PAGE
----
Kiwi officials are talking to their Australian counterparts in an attempt to assuage fears expats could be hit by a significant capital gains tax across the ditch.
As part of a range of housing measures in Australia’s recent Budget, foreign and temporary tax residents will lose access to the exemption from paying a capital gains tax (CGT) on their main residence.
People who owned their home before the announcement can sell it before June 2019 without paying the CGT.
OzKiwi chairman Tim Gassin told RNZ the tax could mean Kiwis lose up to 50 per cent of the profit from selling their home.
While most Kiwis living in Australia were not classified as foreigners, some could be considered as temporary tax residents - who were also required to pay the CGT.
“What we're really trying to determine is, did [the Australian government] actually think this through? Was this intentional or have Kiwis just been caught up in what's really a policy that is supposed to be targeting foreign property investors, rather than people who are based here?” Gassin told RNZ.
Labour leader Andrew Little said the policy was another blow to Kiwi expats, following recent controversy over changes to immigration and education policies.
“They’ve contributed hugely, they’ve worked their butts off for Australia and they get treated the way they do and it’s no wonder that more and more Kiwis over there are thinking: ‘Gee, this is not a friendly-looking government, it’s not really in line with the Anzac spirit that we expect’.”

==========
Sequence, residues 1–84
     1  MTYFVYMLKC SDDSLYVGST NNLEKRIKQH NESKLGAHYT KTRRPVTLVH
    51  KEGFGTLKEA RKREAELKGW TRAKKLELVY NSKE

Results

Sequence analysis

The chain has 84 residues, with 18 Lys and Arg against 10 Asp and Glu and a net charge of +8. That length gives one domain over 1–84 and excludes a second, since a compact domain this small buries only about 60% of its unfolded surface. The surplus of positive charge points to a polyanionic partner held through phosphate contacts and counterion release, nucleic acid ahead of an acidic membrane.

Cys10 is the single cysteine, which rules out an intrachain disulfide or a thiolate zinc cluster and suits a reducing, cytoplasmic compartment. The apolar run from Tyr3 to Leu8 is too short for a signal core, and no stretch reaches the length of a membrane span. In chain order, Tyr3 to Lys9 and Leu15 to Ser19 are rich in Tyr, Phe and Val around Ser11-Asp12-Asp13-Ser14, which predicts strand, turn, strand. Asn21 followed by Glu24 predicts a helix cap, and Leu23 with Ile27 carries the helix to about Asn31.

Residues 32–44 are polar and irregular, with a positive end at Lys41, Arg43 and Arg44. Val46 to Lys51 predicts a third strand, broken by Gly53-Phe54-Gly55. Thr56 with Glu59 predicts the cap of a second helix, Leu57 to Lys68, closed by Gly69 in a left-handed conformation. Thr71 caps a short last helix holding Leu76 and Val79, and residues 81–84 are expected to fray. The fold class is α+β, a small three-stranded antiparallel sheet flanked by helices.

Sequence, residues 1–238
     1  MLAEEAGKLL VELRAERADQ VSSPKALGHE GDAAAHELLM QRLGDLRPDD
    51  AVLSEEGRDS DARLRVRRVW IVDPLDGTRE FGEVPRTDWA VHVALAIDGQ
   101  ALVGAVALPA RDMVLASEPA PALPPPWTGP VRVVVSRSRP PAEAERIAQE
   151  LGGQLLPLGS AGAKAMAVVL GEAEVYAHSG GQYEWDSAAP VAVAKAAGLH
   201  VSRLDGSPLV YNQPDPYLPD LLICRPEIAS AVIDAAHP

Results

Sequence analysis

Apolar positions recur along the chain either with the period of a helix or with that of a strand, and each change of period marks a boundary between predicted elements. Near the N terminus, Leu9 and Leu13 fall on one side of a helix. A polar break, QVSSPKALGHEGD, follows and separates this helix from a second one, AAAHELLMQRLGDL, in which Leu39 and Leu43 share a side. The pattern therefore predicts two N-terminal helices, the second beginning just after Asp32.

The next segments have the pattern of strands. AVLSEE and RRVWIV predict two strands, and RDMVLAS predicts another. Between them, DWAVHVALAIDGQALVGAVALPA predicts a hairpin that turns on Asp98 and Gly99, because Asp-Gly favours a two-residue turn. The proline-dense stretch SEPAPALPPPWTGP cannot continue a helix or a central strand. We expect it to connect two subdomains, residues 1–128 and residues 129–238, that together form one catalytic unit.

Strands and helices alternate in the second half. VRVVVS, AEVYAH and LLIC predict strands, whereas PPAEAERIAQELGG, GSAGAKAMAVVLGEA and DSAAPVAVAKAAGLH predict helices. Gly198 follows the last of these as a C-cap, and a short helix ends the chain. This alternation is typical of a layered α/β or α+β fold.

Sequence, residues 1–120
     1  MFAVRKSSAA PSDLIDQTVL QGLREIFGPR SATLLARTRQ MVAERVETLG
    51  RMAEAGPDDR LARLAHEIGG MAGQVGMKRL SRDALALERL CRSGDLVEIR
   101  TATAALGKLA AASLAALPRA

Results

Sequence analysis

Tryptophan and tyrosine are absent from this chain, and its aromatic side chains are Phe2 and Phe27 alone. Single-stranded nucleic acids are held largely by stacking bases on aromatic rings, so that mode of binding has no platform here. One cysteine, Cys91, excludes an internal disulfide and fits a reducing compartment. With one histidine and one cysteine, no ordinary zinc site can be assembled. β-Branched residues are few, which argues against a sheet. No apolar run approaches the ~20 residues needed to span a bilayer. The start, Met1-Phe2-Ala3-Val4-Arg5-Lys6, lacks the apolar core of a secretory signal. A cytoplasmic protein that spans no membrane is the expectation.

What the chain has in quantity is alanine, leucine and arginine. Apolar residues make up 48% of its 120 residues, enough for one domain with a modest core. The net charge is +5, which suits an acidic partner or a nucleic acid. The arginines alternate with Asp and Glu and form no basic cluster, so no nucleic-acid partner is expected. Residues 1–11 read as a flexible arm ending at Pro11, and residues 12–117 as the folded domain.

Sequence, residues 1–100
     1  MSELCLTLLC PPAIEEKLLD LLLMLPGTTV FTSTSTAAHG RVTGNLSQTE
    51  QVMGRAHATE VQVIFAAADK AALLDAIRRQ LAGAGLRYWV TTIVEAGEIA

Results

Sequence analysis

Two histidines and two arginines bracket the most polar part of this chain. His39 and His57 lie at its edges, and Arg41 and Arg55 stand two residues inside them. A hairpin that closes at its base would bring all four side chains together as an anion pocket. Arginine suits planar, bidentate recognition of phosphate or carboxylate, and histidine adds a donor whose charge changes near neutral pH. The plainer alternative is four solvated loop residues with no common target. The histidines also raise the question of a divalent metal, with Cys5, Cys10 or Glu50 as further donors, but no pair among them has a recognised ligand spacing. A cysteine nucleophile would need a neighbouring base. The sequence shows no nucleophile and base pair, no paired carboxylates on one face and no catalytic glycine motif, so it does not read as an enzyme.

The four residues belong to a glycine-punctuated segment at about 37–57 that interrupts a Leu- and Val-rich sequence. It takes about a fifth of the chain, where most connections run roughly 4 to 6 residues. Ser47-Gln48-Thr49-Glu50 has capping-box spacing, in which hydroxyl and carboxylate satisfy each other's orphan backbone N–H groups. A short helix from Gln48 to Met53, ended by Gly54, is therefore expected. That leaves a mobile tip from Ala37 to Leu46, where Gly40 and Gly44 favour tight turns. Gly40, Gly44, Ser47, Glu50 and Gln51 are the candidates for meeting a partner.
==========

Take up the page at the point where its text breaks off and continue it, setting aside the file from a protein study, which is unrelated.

Discussions with Australia
Foreign Minister Gerry Brownlee said the Government was talking to Australian officials about the intent of the CGT, but it was too early to say that Kiwis would be affected.
“Well I don’t know whether or not Kiwis are caught in their net at all - there is no legislation at the moment, so the OzKiwi position is a little premature.”
Kiwis had had “a long exclusion” from being considered as foreigners for land purchases in New Zealand, and Brownlee said the Government was emphasising that fact in discussions.
Prime Minister Bill English said the Government wanted Australia to “provide certainties” about the entitlements of Kiwis living in Australia, but financial pressures were behind the changes.
“They’re under all this pressure with deficits, that’s why they’re having these discussions as well as other discussions about things they want to cut and taxes they want to raise.”
The Australian government had agreed to let their New Zealand counterparts know about any significant changes for Kiwis, “so we anticipate in this case there won’t be much change”, English said.